UPDATE: There’s quite a bit of huffing and puffing over at NoVA Townhall, as the use of children in the anti-family amendment campaign is subjected to critical scrutiny. This appears to have been quite widespread. I don’t at all think that what is offensive about this has to do with getting young people engaged in the political process – that’s something we should all enthusiastically support. What so many find unethical is the use of children as billboards for their parents’ viewpoints – or as little props, as in this photo of Rick Santorum’s concession speech. Here’s what one observer had to say:
I watched that concession speech on TV last night and I noticed that little girl immediately. Mom and Dad made sure her little scrunched-up crying face was front and center the whole time – carefully pushing her forward, straightening her towards the cameras every now and then. How despicable to use their children this way. I pity these poor kids.
It is the parents who are responsible for putting their daughter in this position, and it is they who are being taken to task here, not the child. It is her parents who created this little scene, not the journalists who recorded it.
What we saw over and over on election day were very small children plastered with stickers and instructed to hand out very controversial literature for a cause that they couldn’t possibly understand. This, I think, reveals a certain attitude toward children: That they exist only to satisfy the desires of their parents, and should have no expectation of dignity and autonomy. There is further evidence of this view in the statement “Most parents want their children to marry someone of the opposite sex” (Joe was shouting in the original – I eased the volume down). As a parent, all I want is for my kid to be a happy, healthy and kind person, so this degree of specificity is a bit suspect. It sounds to me like these parents are more interested in their own causes than they are in the happiness of their children. What do they do when a child turns out to be gay? Throw them away? Too often, that is exactly what they do.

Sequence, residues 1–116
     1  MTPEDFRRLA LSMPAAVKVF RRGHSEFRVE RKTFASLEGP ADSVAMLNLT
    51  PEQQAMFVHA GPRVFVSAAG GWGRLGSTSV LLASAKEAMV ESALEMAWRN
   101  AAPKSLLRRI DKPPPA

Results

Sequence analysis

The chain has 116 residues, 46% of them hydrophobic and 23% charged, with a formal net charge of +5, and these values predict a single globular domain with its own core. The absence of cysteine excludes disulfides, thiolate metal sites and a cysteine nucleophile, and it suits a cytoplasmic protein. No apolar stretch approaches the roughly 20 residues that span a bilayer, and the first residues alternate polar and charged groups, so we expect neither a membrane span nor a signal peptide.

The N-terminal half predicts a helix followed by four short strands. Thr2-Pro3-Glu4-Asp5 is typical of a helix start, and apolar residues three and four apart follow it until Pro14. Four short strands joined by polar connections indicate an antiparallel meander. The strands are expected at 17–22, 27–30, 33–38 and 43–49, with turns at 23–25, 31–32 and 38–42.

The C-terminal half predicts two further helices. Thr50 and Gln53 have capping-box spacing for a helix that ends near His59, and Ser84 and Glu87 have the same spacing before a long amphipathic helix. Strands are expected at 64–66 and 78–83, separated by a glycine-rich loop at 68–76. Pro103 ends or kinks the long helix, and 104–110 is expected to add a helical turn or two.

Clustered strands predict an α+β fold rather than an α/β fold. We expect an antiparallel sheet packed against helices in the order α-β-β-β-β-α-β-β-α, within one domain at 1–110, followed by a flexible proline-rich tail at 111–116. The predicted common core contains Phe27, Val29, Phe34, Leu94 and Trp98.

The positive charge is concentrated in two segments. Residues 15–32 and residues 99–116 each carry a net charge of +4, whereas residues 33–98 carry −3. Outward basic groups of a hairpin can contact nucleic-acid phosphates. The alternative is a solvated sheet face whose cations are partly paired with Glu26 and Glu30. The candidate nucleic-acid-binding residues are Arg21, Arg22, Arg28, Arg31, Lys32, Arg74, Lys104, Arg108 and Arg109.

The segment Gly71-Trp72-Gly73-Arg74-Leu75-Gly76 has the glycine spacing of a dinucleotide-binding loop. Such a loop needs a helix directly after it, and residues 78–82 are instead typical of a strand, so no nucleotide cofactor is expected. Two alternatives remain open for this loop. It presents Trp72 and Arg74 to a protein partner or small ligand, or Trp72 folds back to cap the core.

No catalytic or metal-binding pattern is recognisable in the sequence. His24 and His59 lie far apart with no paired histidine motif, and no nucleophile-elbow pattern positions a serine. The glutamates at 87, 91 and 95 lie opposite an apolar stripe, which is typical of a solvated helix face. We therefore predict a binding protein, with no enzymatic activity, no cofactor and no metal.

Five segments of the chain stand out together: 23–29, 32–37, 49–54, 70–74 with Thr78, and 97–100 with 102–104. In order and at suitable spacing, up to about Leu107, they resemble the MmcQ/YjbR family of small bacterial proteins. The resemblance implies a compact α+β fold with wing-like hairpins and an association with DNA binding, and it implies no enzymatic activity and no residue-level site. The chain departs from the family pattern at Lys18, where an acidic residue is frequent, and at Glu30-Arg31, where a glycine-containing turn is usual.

There is seemingly an inability to differentiate between normal family activities and this unethical use of children, as expressed in a comment about the participation of gay families in the White House Easter Egg Roll this spring. Sorry, but no. I think there is a quite obvious, glaring difference between simply taking your family to a children’s event, and dressing your children up as a bride and groom and parading them through the streets of Leesburg to make a political statement. The latter is, frankly, disturbing and creepy.
This is also not about objections to political content in the Leesburg Parade. Obviously, our own float had such content – although ours was in keeping with the Independence Day theme – and we have been vocal in defending that aspect of the holiday. This is about a particular crass use of children as political props, and the fact that those who do this are unable to see anything wrong with their behavior.
For the record, the (unnamed) people who did this at this year’s parade gave permission to Equality Loudoun to take photos. Not that permission was needed at a public event, but we did ask. The few photos taken of this family while decorating their car have been part of this Fourth of July page since we posted it. I wish that we had some photos of the finished float, but we never saw them finish the parade.
For those of you who worked a poll for the Vote No campaign, how about sharing some stories? In my travels to visit numerous polling places, I saw instances of the volunteers on opposing sides laughing and getting along, and also some instances of unpleasant behavior. One story I heard involved a “Vote Yes” volunteer wearing a wedding dress, with which she tried to physically block her counterparts from talking to voters. Let’s hope that she was at least a consenting adult – unlike this unfortunate child, who was put into this dress on a 95 degree day in July.
What did you see and hear out there?